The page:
The political winds that have buffeted Manhattan and scores of other communities that learned in March their airport control towers would close June 15 blew in some truly good news on Friday.
They received a reprieve when the Federal Aviation Administration said that the 149 air-traffic control towers initially scheduled to close in June would remain open through September. That was one of the results of brand new legislation to ease flight delays at major airports. Those delays resulted from the FAA’s decision to furlough air-traffic controllers as part of spending cuts mandated by the sequester. The furloughs created such havoc that Congress scrambled to pass the aptly named Reducing Flight Delays Act of 2013.
That law also enabled the FAA to shuffle enough money around to continue air-traffic controller contracts for the 149 towers, one of which is at Manhattan Regional Airport, on the closing list.
Friday’s action offers no guarantees beyond Sept. 30, the end of the current fiscal year. But the move to keep the 149 towers open after that is gathering momentum. That’s due in part to a coalition of communities, airports, air traffic controllers and aviation system patrons and in part to bipartisan legislation pushed by Sens. Jerry Moran of Kansas and Richard Blumenthal, a Connecticut Democrat. Among other provisions, their bill, the Protect Our Skies Act, would prevent the Department of Transportation from closing any air-traffic-control towers through fiscal year 2014.
Sen. Moran’s office, gathering information to make the case for passage in Congress, has cited a 2012 report by the inspector general for the Department of Transportation that extols the efficiency of the contract control tower program. What’s more, in 2009, when the FAA had less money than it does even under the sequester, it had enough money to fund the contract control tower program.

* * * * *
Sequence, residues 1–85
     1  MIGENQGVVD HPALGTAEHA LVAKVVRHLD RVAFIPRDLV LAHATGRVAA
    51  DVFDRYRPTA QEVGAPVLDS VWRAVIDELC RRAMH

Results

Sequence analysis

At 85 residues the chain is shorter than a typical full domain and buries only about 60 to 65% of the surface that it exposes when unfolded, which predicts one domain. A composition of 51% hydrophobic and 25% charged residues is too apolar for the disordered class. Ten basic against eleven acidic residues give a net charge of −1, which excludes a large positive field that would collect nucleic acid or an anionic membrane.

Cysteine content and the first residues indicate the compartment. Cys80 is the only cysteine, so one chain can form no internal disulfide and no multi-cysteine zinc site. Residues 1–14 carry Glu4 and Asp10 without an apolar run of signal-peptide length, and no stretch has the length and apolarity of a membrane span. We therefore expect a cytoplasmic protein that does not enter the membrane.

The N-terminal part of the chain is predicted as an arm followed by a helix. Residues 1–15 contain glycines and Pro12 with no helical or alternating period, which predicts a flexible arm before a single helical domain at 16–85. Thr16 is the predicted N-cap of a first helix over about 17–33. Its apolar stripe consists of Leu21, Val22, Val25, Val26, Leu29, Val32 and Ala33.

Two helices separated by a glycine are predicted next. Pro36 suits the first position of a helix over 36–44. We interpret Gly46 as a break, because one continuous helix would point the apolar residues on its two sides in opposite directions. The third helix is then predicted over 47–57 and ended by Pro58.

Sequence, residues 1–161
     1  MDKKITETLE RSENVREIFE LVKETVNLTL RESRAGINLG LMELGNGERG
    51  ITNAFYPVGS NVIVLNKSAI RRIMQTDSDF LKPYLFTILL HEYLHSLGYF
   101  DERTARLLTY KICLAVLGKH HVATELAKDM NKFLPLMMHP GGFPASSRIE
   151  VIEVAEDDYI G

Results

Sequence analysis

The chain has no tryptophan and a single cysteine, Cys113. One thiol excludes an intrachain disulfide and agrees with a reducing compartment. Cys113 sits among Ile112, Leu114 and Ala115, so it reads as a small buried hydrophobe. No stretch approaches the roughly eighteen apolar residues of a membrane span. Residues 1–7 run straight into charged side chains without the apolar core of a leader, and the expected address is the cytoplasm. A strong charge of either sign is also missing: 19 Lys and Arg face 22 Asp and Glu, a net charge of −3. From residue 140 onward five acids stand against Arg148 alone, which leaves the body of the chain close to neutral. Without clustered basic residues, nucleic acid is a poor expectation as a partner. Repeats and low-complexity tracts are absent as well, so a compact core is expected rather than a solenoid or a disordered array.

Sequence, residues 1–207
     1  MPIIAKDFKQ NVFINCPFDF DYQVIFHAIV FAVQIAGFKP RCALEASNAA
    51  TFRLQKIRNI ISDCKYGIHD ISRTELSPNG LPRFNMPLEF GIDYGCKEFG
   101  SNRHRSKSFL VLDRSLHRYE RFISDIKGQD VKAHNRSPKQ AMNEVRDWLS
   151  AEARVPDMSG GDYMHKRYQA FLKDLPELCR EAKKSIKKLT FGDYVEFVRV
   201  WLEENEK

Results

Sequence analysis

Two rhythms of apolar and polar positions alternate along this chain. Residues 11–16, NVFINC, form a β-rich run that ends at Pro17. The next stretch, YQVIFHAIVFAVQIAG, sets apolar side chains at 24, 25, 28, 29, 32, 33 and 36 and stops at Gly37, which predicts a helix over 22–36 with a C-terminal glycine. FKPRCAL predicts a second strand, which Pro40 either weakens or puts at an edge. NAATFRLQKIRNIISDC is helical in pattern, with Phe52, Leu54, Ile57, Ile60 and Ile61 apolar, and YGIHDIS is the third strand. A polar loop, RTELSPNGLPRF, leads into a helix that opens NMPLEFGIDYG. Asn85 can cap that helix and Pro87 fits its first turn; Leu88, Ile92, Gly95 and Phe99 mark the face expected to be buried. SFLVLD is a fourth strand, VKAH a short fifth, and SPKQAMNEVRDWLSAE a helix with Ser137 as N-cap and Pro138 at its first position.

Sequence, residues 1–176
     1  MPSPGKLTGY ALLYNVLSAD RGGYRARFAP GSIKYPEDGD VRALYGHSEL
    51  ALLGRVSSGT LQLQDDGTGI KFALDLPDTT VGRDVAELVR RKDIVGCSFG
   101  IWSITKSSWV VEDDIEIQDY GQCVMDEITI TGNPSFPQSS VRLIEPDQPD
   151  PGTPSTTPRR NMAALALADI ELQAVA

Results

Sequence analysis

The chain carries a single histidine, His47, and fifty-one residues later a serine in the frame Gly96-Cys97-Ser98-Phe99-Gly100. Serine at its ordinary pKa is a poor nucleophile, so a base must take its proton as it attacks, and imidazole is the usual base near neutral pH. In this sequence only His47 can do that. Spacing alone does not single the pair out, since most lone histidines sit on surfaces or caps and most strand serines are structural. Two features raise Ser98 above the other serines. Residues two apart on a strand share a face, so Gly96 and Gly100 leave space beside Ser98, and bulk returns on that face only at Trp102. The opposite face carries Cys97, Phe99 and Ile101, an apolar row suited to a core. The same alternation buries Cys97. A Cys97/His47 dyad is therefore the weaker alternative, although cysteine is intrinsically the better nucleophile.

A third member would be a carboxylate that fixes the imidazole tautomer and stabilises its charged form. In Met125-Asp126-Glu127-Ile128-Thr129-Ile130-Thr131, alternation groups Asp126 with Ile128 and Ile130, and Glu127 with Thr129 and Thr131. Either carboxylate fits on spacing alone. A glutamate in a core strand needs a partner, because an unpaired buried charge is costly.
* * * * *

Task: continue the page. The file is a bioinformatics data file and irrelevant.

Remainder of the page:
Only about 10 percent of the nation’s 5,000 public airports have towers. Those towers not only bolster safety in communities like Manhattan, they also improve economic development prospects.
According to the Associated Press, the FAA began paying contractors to staff towers after President Ronald Reagan fired thousands of striking air traffic controllers in 1981. The program now supports 251 towers nationwide, with the average annual cost of $500,000 each.
We’re delighted that Manhattan’s traffic control tower will be operating through September, and hope federal funding is found to keep it operating long after that. To what extent airports like Manhattan’s, with a handful of daily commercial flights in addition to local air traffic, need professionally staffed towers is a subject of debate. There’s little doubt, however, that an operating tower would make our airport even safer.